Report: Diversity Trends in STEM Emerge from NSF Study

Today, the National Center for Science and Engineering Statistics, or NCSES – part of the U.S. National Science Foundation – released Diversity and STEM: Women, Minorities, and Persons with Disabilities 2023, the federal government’s latest and most complete analysis of diversity trends in STEM employment and education.

“Diversity is America’s unique advantage in science and technology,” said NSF Director Sethuraman Panchanathan. “Our global leadership depends upon diversity, leveraging different backgrounds, experiences, and points of view to bring unique insights to problem solving and discovery. The Diversity and STEM report provides objective, reliable data on where our nation has made progress towards access and equity in STEM education and careers, as well as where we must do more.”

The new report shows more women, as well as Black, Hispanic, American Indian, and Alaska Native people collectively, worked in STEM jobs over the past decade, diversifying that workforce, and are earning more degrees in science and engineering fields at all levels compared to previous years.

However, those groups – as well as people with disabilities – broadly remain underrepresented in science, technology, engineering and mathematics when compared to their overall distribution in the U.S. population, reflecting the larger equity challenges our nation faces.

In addition to bringing a wide range of ideas, creativity and skills to bear on innovation and discovery, equal access to the STEM workforce is important because those jobs are associated with higher wages and lower unemployment rates – regardless of sex, race, ethnicity or disability status.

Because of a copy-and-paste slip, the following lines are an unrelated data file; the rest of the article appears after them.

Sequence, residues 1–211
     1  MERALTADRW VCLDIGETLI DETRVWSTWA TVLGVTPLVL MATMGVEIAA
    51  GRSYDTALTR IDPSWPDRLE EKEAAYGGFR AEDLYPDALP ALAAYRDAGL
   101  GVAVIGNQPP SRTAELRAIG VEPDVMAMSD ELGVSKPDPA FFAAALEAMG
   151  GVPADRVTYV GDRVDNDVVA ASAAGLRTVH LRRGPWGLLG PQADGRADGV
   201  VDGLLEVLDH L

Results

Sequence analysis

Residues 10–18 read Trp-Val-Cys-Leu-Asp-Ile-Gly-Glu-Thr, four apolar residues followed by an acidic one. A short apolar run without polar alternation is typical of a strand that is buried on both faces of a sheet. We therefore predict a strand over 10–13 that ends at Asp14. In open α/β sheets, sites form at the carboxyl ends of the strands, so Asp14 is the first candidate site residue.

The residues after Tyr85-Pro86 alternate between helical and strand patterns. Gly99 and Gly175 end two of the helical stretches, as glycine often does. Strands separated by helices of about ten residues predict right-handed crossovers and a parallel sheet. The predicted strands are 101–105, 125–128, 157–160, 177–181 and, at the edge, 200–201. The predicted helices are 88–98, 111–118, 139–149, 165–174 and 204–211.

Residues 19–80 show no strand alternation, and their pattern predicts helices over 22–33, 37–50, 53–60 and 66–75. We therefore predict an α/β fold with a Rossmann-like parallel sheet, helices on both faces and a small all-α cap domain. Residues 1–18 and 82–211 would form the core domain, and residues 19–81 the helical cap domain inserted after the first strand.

Formerly called Women, Minorities, and Persons with Disabilities in Science and Engineering, the Diversity and STEM report is the first in this series to look beyond careers that require a bachelor’s degree, an educational milestone that reflects only half of the STEM workforce.

“A highlight of this year’s edition of Diversity and STEM is the use of a broader definition of ‘STEM work’, providing a better understanding of STEM representation by different demographic groups,” said NCSES Director Emilda B. Rivers. “For the first time, we count in STEM statistics all groups whose work requires a high level of technical knowledge, regardless of their degree.”

The report suggests women and Hispanics in particular have made significant progress over the past decade, both in terms of increased representation in the STEM workforce and in their participation in higher education. However, those broad patterns are not universal across all STEM occupations and fields of study. For example, women make up much smaller proportions of the college-educated workforce in the computer and mathematical sciences, biological sciences, physical sciences and engineering compared to the social sciences. Separately, underrepresented minorities make up a third of the workforce in STEM jobs that typically do not require a college degree for entry. However, those jobs tend to have the lowest salaries and highest unemployment in STEM.

About 3% of the STEM workforce are people with disabilities. Although the number of STEM workers with at least one disability increased since 2011, their representation in the STEM workforce has remained unchanged from a decade ago.

NSF first started publishing data on underrepresented groups in STEM in 1977. In 1980, Congress mandated this report be produced every two years, and the report began incorporating people with disabilities in 1994. Today, the STEM workforce includes 12.3 million women (35% of the STEM workforce), 8.3 million members of underrepresented minority groups (24%), and 1 million people with disabilities (3%).

NCSES will be holding a webinar to discuss the report’s findings on Jan. 31 from 1:30 pm to 3:00 pm. For registration, visit:

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